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File Systems

A central aspect in the design of HAICORE has been the enormous amount of data generated by scientific research projects. A multi-level data storage concept guarantees high-throughput processing of data using several different storage systems.

The core of this design are two large-scale, parallel file systems based on IBM Spectrum Scale (also known as GPFS) used for globally visible user data. Individual home directories are automatically created for each user on the Spectrum Scale home file system, and the environment variable $HOME points to these directories. Each user can also create so-called workspaces on the Spectrum Scale work file system.

Other storage locations include a temporary directory called $TMP that is is located on the local solid state disks (SSDs) of a node, and is therefore only visible on an individual node while a job is running. In order to create a temporary directory which is visible on all nodes of a batch job, users can request a temporary BeeGFS On Demand (BeeOND) file system. Access to BeeOND file systems is only possible from the nodes of the batch job and while the job is running.

The characteristics of the file systems are shown in the following table.

Property $HOME workspace $TMP BeeOND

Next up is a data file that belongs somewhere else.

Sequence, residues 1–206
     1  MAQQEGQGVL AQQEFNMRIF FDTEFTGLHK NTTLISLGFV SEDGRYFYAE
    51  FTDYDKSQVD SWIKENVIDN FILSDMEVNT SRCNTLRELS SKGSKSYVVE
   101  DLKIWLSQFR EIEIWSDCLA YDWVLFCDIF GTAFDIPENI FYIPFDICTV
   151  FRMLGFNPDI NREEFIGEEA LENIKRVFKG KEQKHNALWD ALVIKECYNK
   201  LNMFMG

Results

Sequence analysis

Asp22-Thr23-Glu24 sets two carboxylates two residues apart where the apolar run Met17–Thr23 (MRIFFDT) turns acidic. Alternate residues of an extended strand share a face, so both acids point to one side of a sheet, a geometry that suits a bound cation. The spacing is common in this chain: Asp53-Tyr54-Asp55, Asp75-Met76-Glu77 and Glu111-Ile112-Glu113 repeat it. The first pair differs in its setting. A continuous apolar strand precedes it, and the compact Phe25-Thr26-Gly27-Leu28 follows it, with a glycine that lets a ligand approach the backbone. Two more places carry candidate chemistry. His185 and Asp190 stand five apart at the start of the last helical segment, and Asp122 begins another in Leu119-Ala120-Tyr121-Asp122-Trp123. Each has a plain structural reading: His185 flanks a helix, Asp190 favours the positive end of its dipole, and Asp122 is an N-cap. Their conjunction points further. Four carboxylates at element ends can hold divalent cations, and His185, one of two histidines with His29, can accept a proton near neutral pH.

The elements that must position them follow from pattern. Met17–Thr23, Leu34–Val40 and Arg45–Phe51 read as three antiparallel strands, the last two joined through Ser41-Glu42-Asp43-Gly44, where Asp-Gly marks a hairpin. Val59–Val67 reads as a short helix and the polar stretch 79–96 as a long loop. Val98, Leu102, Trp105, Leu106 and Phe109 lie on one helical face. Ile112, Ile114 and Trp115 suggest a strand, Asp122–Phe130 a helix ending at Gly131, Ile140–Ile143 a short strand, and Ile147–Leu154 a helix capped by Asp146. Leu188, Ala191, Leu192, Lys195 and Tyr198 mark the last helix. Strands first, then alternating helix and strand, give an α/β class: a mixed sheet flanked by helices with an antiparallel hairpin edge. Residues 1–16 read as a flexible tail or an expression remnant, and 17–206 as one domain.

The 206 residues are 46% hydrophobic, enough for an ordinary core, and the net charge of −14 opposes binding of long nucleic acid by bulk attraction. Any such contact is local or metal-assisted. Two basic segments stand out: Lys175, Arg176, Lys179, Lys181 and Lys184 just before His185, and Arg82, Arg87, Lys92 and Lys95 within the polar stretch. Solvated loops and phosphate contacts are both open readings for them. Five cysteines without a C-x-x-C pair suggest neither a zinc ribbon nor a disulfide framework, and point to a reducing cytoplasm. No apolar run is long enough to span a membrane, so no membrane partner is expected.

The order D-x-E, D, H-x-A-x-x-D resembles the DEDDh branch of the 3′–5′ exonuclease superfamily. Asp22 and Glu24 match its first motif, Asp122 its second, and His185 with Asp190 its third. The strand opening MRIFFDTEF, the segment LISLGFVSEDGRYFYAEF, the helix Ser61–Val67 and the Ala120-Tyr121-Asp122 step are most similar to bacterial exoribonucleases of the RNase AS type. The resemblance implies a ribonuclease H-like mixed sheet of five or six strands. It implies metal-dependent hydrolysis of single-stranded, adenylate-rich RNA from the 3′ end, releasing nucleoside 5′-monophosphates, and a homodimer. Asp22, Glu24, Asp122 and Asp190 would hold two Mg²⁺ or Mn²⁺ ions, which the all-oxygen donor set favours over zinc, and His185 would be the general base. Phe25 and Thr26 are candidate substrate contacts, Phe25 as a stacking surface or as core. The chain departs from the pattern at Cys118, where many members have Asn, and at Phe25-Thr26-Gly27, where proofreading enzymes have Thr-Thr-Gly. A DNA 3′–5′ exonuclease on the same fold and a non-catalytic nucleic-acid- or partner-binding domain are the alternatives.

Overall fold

Visibility global global local job local
Lifetime permanent limited job walltime job walltime
Disk space 2.5 PB 13.5 PB 800 GB n * 750 GB
Quotas yes yes no no
Snapshot yes yes no no
Backup yes no no no
Total read perf 25 GB/s 110 GB/s 750 MB/s n * 700 MB/s
Total write perf 25 GB/s 110 GB/s 750 MB/s n * 700 MB/s
Read perf/node 10 GB/s 10 GB/s 750 MB/s 10 GB/s
Write perf/node 10 GB/s 10 GB/s 750 MB/s 10 GB/s

global : all nodes see the same file system
local : each node has its own local file system
job local : only available within the currently running job
permanent : data is stored permanently (across job runs and reboots)
limited : data is stored across job runs and reboots, but will be deleted at some time
job walltime : files are removed at end of the batch job.


Selecting the appropriate file system

In general, you should separate your data and store it on the appropriate file system.

Permanently required data like software or important results should be stored below $HOME, but capacity limits (so-called "quotas") apply. Permanent data which is not needed for months or exceeds the capacity restrictions should be sent to external large scale storage systems and deleted from the home file system.